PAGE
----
How does Wales elect people for its Parliament? — the voting system explained

There are 60 candidates elected to represent Wales in the elections. 40 through a system similar to the Westminster election, where the candidate with the most votes wins. This happens even if most people didn’t vote for them.

We elect a further 20 candidates through a second ballot, where you choose a party only. The regional vote is not first past the post, using proportional representation known as the Additional Member System. This helps to overcome the imbalance often associated with first-past-the-post elections. The ballot lists names representing each party in the region, and a vote for a party is a vote to make more of their candidates into Members of the Senedd. There are five regions of Wales with four candidates elected in each.

Constituency vote

First past the post favours larger and traditional parties. Smaller parties and independents struggle to get enough support to win outright, even though they could get a significant percentage of the vote.

Regional vote

Each region in Wales comprises eight constituencies. A count of the first past the post ballot papers identifies the eight winners of the constituency vote.

Following this, a count of the second ballot papers identifies the four remaining candidates for the region. Depending on how many seats a party wins on the first ballot, the additional members allocated from the regional list aims to make the Welsh Parliament match how the country voted. Let me explain as simple as I can.

Regional seat allocation

Let us assume four parties are standing, Party A, Party B, Party C and Party D. The results come in for the 8 seats in the region and we get:

Constituency seats

Party A — 5 seats

Party B — 2 seats

Party C — 1 seat

Party D — 0 seats

Let’s assume the following outcome of the regional ballot:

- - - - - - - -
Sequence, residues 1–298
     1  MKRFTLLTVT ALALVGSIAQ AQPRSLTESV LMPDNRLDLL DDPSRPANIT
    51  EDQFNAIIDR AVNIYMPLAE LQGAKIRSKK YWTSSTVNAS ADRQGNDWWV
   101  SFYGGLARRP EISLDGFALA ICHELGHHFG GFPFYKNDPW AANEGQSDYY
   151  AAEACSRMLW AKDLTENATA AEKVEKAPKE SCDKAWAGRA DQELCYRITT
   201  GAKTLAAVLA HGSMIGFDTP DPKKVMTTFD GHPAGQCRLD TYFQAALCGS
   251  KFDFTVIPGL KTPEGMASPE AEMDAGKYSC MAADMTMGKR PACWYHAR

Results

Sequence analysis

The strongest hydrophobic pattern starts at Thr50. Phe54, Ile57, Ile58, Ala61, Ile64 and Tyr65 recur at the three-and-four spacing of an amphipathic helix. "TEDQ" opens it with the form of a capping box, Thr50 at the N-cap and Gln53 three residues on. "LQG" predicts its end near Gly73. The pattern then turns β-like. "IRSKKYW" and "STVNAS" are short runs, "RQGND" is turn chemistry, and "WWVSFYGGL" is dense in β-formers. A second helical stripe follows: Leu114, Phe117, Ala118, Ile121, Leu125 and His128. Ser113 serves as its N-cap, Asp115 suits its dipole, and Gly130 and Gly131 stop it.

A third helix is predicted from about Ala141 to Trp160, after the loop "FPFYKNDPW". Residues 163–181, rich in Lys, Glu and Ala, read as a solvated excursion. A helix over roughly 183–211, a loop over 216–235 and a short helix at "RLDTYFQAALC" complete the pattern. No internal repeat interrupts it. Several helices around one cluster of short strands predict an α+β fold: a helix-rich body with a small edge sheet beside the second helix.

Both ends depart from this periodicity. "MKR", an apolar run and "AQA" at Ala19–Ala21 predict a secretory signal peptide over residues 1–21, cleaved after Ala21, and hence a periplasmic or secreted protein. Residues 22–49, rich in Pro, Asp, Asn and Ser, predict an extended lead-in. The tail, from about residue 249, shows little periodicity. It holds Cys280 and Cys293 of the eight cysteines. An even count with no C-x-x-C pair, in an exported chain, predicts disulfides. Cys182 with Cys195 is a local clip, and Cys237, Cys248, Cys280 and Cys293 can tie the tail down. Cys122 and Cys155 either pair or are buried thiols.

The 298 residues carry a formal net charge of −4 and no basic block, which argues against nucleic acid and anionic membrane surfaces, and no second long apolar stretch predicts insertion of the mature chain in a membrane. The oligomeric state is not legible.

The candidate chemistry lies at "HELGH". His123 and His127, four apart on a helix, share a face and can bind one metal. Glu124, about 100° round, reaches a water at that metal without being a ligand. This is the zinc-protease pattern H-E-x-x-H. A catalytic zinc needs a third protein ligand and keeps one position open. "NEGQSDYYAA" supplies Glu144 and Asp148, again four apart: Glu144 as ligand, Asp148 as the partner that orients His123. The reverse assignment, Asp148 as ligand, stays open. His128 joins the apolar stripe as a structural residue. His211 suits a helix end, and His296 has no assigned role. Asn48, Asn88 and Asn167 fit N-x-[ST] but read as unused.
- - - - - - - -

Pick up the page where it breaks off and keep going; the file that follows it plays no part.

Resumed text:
Party A — 36%

Party B — 28%

Party C — 23%

Party D — 13%

Parties with seats from the first ballot have their regional vote discounted, based on how many seats already won. We know this as the D’Hondt method to ensure parties do not win ‘twice’. Four rounds of discounting take place until we allocate the four regional seats.

Round One

The regional vote is divided by the number of seats already won (+1). So if you win one seat, you get divided by two (1+1). In this example, we get:

Party A — 6% (36 divided by 6)

Party B — 9.3% (28% divided by 3)

Party C — 11.5% (23% divided by 2)

Party D — 13% (13% divided by 1)

After round one, you can see Party D has the most votes so gets allocated the first regional seat and their vote discounted for round two.

Round Two

Party A — 6% (36 divided by 6)

Party B — 9.3% (28% divided by 3)

Party C — 11.5% (23% divided by 2)

Party D — 6.5% (13% divided by 2)

After the second round, you can see Party C has the most votes so gets allocated the second regional seat and their vote discounted for round three.

Round Three

Party A — 6% (36 divided by 6)

Party B — 9.3% (28% divided by 3)

Party C — 7.7% (23% divided by 3)

Party D — 6.5% (13% divided by 2).

After the third round, you can see Party B has the most votes so gets allocated the third regional seat and their vote discounted for round four.

Round Four

Party A — 6% (36 divided by 6)

Party B — 7% (28% divided by 4)

Party C — 7.7% (23% divided by 3)

Party D — 6.5% (13% divided by 2).]

After the fourth round, you can see Party C has the most votes so get allocated the final regional seat.

So the total seats for the region would be

Party A — 5

Party B — 3

Party C — 3

Party D — 1

Party D failed to win any seats in first past the post but gets fair representation in the Senedd by getting 12.5% of the vote and having one seat. This means every vote matters for the elections on May 6th.

Jamie Jenkins

Follow me on Twitter https://twitter.com/statsjamie and/or Facebook — https://www.facebook.com/statsjamie

Jamie Jenkins is the former Head of Health Analysis and Labour Market Analysis at the Office for National Statistics. Jamie has been providing daily data updates for the public on the Covid-19 pandemic the past year and has won awards from the Royal Statistical Society and United Nations for the presentation of data. He also worked at the BBC advising journalists on data over a General Election period, helping them challenge politicians

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